The photoswitching capability of azobenzenes has recently been used extensively in photoreactive supramolecular materials. One of the most astonishing uses of azonenzene photoswitching is the reversible association of these molecules with certain cyclodextrines. Azobenzenes change their structure reversibly under irradiation. There’s a cis-form and a trans-form, and photoisomerisation happens reliably wavelengths of 350 (trans –> cis) and 455 (cis –> trans) nanometer.
As it happens the trans-azobenzene fits snugly in the cyclodextrine cavity, while the bent cis-form doesn’t. This offers a number of interesting possibilities, ranging from the inevitable switchable hydrogels to rather more amazing structures, such as switchable ion channels and functionalized surfaces.
The latest invention, just published in Angewandte Chemie by the Münster-based chemists Nalluri and Ravoo, uses this principle to influence the collective behavior of vesicles in solution. It is possible to make micelles and vesicles from cyclodextrines. I didn’t know that, but it’s fairly obvious: The sugars of the cyclodextrine ring are water-soluble, so if you just attach some long-chained hydrocarbon to each sugar moiety you get amphiphilic building blocs for vesicles or bilayers.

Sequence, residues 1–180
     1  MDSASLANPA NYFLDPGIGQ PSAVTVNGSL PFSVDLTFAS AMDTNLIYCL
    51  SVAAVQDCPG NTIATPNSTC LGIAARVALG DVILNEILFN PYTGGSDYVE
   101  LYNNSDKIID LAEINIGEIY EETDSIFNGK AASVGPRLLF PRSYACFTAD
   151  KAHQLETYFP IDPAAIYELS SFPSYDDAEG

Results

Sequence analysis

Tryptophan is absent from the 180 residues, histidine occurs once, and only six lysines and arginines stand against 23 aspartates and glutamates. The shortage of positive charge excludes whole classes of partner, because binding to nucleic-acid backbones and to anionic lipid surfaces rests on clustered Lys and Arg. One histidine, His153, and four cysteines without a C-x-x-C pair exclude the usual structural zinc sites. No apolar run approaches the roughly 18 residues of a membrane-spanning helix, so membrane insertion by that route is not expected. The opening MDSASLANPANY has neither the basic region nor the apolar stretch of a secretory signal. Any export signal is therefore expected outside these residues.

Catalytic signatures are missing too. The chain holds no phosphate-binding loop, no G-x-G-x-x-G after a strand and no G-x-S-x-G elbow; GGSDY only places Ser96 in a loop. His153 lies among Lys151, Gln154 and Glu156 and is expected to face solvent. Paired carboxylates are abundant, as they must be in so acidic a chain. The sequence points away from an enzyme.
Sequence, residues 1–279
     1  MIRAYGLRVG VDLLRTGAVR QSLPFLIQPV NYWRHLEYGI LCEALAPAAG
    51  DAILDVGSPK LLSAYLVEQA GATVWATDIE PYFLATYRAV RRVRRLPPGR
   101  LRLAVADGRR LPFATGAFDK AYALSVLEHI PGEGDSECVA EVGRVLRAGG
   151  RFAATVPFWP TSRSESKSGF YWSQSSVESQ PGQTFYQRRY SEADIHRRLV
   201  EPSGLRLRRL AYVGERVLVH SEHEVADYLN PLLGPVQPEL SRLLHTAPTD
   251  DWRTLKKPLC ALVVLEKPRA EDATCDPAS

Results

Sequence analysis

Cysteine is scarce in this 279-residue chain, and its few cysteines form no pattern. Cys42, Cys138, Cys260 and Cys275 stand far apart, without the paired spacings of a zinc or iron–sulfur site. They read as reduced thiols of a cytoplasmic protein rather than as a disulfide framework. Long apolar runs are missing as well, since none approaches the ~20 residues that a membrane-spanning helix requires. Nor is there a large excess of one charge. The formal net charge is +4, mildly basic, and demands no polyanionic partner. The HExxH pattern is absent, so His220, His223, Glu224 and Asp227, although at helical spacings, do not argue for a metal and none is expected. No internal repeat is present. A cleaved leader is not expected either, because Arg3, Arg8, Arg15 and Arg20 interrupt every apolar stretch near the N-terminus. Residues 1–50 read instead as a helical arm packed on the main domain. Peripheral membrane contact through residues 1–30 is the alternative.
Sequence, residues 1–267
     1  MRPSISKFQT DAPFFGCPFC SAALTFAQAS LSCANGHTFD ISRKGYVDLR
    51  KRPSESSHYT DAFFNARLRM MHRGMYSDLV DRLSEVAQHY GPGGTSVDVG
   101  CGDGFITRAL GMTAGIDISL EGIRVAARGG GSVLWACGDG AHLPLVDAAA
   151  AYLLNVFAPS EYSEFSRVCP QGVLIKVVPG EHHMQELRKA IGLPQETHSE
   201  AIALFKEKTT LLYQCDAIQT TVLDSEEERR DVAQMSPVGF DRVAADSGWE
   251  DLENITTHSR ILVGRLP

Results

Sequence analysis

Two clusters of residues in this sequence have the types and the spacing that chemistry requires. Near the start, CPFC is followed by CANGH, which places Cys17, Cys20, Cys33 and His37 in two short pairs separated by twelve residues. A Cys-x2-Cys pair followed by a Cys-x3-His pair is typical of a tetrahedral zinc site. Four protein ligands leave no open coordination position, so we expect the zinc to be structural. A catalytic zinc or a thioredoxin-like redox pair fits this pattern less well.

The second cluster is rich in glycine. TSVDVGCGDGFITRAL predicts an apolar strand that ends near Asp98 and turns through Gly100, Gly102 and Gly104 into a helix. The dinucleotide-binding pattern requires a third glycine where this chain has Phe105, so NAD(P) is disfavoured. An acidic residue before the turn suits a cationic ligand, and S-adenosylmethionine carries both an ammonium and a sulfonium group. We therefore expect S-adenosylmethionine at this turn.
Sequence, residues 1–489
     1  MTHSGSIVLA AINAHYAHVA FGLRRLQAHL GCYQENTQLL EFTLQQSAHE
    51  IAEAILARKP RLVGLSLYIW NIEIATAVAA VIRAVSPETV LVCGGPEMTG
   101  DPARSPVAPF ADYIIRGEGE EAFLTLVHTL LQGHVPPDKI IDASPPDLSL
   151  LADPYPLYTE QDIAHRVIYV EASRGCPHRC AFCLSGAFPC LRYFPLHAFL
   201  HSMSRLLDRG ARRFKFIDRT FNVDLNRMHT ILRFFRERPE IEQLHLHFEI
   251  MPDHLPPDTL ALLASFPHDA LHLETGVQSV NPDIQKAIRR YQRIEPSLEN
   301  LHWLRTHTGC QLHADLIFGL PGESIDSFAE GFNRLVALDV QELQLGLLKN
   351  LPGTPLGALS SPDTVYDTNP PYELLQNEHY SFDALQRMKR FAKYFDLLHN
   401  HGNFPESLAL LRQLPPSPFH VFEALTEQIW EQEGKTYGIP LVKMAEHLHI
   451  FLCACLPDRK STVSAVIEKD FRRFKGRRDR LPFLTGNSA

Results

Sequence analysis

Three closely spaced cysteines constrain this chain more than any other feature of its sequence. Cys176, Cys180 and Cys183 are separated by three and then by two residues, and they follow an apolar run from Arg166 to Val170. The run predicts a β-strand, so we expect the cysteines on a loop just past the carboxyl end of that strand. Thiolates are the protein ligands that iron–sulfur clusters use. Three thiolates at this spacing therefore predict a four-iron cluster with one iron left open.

What the researchers did then is rather straightforward: They connected two azobenzene moieties with a PEG linker and added the resulting molecule to a solution of monodisperse cyclodextrine vesicles, which coagulate nore or less immediately, since the trans-azobenzenes find a suitable resting place in the cyclodextrine cavity. This shows as an increase in optical density of about an order of magnitude. This macroscopic change can, of course be reversed by irradiation with light at a suitable wavelength. There are two interesting aspects here. For one, this reminds me of certain biological Systems, like certain sponges that can be separated into their component cells which then re-aggregate into a fully functional animal.
The other, probably far more significant issue is the fact that this degree of control over a macroscopic system fits snugly into the general pattern of progress made in this area of science. Self-organising macromolecular systems may well be the next Really Big Thing in materials technology – incremental steps slowly adding up to a level of knowledge that enables, at one point, a really huge leap in technology. We may be closing in on that point.
Nalluri, S., & Ravoo, B. (2010). Lichtgesteuerte molekulare Erkennung und Adhäsion von Vesikeln Angewandte Chemie DOI: 10.1002/ange.201001442